Like all of us, environmentalists are extremely concerned about the sustainability of our food supply resources, especially now that extreme weather conditions become more prevalent than ever before.
Amazingly, the road to a sustainable food supply in the future might lay in the creation of edible forests. Martin Crawford is Director of the Agroforestry Research Trust, a British charity focusing on research into temperate agroforestry. Martin has pioneered the creation of an edible forest which mimics natural ecosystems.
Commercial farming focuses on mass planting of annual plants in a very structured way. Although this method has ensured mass food production in the past, nature is playing less and less according to natural patterns and rules. This type of edible agroforestry mimics natural ecosystems and uses the space available in a sustainable way.
Having large areas covered with only one type of seasonal plant is something you will not find in nature and has its own vulnerabilities. Natural forests have up to seven layers of growth, which protects itself from harsh weather conditions and minimize the effect of otherwise catastrophic natural events. Martin’s forest exists of editable and echo friendly and supporting plants.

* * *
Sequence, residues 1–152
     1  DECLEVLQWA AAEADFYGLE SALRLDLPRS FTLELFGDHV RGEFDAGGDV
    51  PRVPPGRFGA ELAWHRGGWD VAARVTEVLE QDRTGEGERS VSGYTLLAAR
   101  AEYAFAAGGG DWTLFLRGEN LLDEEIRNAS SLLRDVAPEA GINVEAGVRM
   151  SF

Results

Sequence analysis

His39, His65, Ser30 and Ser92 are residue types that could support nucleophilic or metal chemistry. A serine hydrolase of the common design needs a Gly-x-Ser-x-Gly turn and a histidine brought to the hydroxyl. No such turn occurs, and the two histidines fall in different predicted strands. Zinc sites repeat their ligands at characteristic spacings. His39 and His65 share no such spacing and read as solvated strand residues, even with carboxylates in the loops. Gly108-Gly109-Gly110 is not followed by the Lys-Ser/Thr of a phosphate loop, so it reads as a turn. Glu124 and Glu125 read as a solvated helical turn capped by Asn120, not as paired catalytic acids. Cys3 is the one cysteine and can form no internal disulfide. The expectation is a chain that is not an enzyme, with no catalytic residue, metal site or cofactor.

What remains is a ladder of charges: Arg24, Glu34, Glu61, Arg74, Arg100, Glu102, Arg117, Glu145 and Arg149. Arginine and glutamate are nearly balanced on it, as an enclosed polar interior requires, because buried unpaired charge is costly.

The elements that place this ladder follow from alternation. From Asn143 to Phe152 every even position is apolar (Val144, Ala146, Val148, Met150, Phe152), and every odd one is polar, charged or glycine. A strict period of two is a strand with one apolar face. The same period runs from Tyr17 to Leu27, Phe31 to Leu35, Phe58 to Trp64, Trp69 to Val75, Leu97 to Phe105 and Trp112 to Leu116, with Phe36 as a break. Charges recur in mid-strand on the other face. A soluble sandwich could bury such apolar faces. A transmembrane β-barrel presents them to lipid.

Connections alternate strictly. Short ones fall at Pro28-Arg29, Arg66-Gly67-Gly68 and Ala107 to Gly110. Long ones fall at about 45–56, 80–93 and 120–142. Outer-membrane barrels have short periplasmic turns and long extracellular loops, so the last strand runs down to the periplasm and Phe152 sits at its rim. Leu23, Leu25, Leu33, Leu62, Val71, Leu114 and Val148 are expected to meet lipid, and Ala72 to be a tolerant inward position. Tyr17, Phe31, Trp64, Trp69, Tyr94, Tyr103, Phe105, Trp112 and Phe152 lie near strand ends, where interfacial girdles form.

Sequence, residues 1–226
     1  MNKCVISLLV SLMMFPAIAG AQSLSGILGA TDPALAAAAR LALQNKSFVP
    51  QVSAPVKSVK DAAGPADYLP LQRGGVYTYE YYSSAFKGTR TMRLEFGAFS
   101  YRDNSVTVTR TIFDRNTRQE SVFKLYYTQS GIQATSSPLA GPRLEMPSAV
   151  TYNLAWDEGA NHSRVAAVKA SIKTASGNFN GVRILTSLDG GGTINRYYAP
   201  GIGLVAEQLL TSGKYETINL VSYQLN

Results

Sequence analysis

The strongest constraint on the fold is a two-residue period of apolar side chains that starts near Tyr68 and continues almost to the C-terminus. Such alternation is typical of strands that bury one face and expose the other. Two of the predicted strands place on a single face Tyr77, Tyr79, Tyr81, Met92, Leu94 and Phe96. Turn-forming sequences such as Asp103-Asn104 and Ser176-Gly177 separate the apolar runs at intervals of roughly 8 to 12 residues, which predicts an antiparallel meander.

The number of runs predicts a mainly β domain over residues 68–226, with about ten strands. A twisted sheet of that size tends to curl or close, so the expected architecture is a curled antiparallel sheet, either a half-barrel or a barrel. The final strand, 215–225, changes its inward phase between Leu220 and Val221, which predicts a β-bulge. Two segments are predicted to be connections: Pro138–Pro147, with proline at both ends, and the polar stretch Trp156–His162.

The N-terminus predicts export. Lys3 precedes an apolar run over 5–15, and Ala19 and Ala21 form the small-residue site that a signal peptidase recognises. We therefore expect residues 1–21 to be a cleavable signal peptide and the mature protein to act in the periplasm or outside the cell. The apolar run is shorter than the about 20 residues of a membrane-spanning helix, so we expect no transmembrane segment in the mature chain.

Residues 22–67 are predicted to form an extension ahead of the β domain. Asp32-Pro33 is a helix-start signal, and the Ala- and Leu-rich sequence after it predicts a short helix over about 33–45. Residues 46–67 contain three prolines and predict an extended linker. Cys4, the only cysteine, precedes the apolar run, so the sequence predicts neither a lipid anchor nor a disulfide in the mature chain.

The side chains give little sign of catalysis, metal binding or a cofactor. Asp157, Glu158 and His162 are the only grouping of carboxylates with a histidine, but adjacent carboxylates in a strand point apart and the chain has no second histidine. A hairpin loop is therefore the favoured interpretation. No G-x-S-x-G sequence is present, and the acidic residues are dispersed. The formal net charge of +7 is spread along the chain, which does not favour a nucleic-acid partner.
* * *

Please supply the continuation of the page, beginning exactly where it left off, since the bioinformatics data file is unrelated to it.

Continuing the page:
With earth warming and extreme weather conditions threatening traditional methods of food production and farming, agroforestry might be the saving grace of the future, where “save the forest” will entail much more than just oxygen supply and protecting fauna and flora. Man-made forest of edible plant life may become a valuable source in the food supply chain.
Martin encourages people to start their own agroforest. Referring to the seven layers of natural plant growth in forests, canopy trees, small trees, shrubs, perennials, ground cover plants, root crops and climbers, as well as vines, can produce up to 500 edible plants. It is not required to know all the species of plants which can be used, but one can make a start and expand your “food” forest (or forest gardening as it is also known) as you go along.
How To Create An Edible Food Forest In Your Back Yard: Eco-entrepreneur and TED Fellow Shubhendu Sharma grows ultra-dense, biodiverse mini-forests of native species in urban areas by engineering soil, microbes and biomass to kickstart natural growth processes. Follow along as he describes how to grow a 100-year-old forest in just 10 years…